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Method Calls On IDLcomIDispatch Objects

Method Calls On IDLcomIDispatch Objects

IDL allows you to call the underlying COM object’s methods by calling methods on the IDLcomIDispatch object. IDL handles conversion between IDL data types and the data types used by the component, and any results are returned in IDL variables of the appropriate type.

As with all IDL objects, the general syntax is:

result = ObjRef -> Method([Arguments])

or

ObjRef -> Method[, Arguments]

where ObjRef is an object reference to an instance of a dynamic subclass of the IDLcomIDispatch class.

Function vs. Procedure Methods


In COM, all object methods are functions. IDL’s implementation of the IDLcomIDispatch object maps COM methods that supply a return value using the retval attribute as IDL functions, and COM methods that do not supply a return value via the retval attribute as procedures. See Displaying Interface Information using the Object Viewer for more information on determining which methods use the retval attribute.

The IDLcomIDispatch::GetProperty and IDLcomIDispatch::SetProperty methods are special cases. These methods are IDL object methods — not methods of the underlying COM object — and they use procedure syntax. The process of getting and setting properties on COM objects encapsulated in IDLcomIDispatch objects is discussed in Managing COM Object Properties.

Note: The IDL object system uses method names to identify and call object lifecycle methods (Init and Cleanup). If the COM object underlying an IDLcomIDispatch object implements Init or Cleanup methods, they will be overridden by IDL’s lifecycle methods, and the COM object’s methods will be inaccessible from IDL. Similarly, IDL implements the GetProperty and SetProperty methods for the IDLcomIDispatch object, so any methods of the underlying COM object that use these names will be inaccessible from IDL.

What Happens When a Method Call Is Made


When a method is called on an IDLcomIDispatch object, the method name and arguments are passed to the internal IDL COM subsystem, where they are used to construct the appropriate IDispatch method calls for the underlying COM object.

From the point of view of an IDL user issuing method calls on the IDLcomIDispatch object, this process is completely transparent. The IDL user simply calls the COM object’s method using IDL syntax, and IDL handles the translation.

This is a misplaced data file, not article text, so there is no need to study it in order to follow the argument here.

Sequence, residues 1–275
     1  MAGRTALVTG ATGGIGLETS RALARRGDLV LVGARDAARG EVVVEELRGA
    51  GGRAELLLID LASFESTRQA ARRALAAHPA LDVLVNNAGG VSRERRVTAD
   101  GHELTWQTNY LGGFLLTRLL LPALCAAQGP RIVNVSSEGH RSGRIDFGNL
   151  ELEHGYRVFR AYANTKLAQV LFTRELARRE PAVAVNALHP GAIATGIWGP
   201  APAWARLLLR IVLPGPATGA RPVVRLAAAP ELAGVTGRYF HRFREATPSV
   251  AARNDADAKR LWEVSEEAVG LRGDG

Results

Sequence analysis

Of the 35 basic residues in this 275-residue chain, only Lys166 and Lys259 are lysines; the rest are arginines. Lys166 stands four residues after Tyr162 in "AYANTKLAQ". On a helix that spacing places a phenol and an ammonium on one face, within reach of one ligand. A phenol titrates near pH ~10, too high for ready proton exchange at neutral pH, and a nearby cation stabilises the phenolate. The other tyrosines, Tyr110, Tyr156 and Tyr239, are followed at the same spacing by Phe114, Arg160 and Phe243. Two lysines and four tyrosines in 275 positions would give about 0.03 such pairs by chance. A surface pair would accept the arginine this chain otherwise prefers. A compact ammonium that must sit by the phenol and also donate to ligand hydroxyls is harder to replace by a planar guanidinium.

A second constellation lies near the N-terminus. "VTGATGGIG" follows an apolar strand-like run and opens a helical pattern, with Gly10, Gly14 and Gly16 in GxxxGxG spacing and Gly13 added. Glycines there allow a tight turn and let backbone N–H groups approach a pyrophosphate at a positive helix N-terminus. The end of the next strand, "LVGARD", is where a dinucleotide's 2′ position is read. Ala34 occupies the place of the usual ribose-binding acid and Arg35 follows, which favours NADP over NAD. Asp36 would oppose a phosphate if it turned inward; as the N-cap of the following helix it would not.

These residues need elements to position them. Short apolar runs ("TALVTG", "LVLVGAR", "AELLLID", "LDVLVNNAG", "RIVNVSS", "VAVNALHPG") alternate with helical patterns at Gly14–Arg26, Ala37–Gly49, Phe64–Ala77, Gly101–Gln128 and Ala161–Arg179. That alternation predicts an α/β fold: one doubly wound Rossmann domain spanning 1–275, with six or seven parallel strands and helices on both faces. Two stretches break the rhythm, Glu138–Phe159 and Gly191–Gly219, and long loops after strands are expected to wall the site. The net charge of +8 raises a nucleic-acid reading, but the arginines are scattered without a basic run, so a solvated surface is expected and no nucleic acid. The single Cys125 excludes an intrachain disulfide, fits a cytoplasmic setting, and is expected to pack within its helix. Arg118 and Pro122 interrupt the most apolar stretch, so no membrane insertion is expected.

Data Type Conversions


IDL and COM use different data types internally. While you should be aware of the types of data expected by the COM object’s methods and the types it returns, you do not need to worry about converting between IDL data types and COM data types manually. IDL’s dynamic type conversion facilities handle all conversion of data types between IDL and the COM system. The data type mappings are described in COM-IDL Data Type Mapping.

For example, if the COM object that underlies an IDLcomIDispatch object has a method that requires a value of type INT as an input argument, you would supply the value as an IDL Long. If you supplied the value as any other IDL data type, IDL would first convert the value to an IDL Long using its normal data type conversion mechanism before passing the value to the COM object as an INT.

Similarly, if a COM object returns a BOOL value, IDL will place the value in a variable of Byte type, with a value of 1 (one) signifying True or a value of 0 (zero) signifying False.

Optional Arguments


Like IDL routines, COM object methods can have optional arguments. Optional arguments eliminate the need for the calling program to provide input data for all possible arguments to the method for each call. The COM optional argument functionality is passed along to COM object methods called on IDLcomIDispatch objects, and to the IDLcomIDispatch::GetProperty method. This means that if an argument is not required by the underlying COM object method, it can be omitted from the method call used on the IDLcomIDispatch object.

Note: Only method arguments defined with the optional token in the object’s interface definition are optional. See Displaying Interface Information using the Object Viewer for more information regarding the object’s interface definition file.

Note: If an argument that is not optional is omitted from the method call used on the IDLcomIDispatch object, IDL will generate an error.

Argument Order

Like IDL, COM treats arguments as positional parameters. This means that it makes a difference where in the argument list an argument occurs. (Contrast this with IDL’s handling of keywords, which can occur anywhere in the argument list after the routine name.) COM enforces the following ordering for arguments to object methods:

  1. Required arguments
  2. Optional arguments for which default values are defined
  3. Optional arguments for which no default values are defined

The same order applies when the method is called on an IDLcomIDispatch object.

Default Argument Values

COM allows objects to specify a default value for any method arguments that are optional. If a call to a method that has an optional argument with a default value omits the optional argument, the default value is used. IDL behaves in the same way as COM when calling COM object methods on IDLcomIDispatch objects, and when calling the IDLcomIDispatch::GetProperty method.

Method arguments defined with the defaultvalue() token in the object’s interface definition are optional, and will use the specified default value if omitted from the method call. See Displaying Interface Information using the Object Viewer for more information regarding the object’s interface definition file.

Argument Skipping

COM allows methods with optional arguments to accept a subset of the full argument list by specifying which arguments are not present. This allows the calling routine to supply, for example, the first and third arguments to a method, but not the second. IDL provides the same functionality for COM object methods called on

IDLcomIDispatch objects, but not for the IDLcomIDispatch::GetProperty or SetProperty methods.

To skip one or more arguments from a list of optional arguments, include the SKIP keyword in the method call. The SKIP keyword accepts either a scalar or a vector of numbers specifying which arguments are not provided.

Note: The indices for the list of method arguments are zero-based — that is, the first method argument (either optional or required) is argument 0 (zero), the next is argument 1 (one), etc.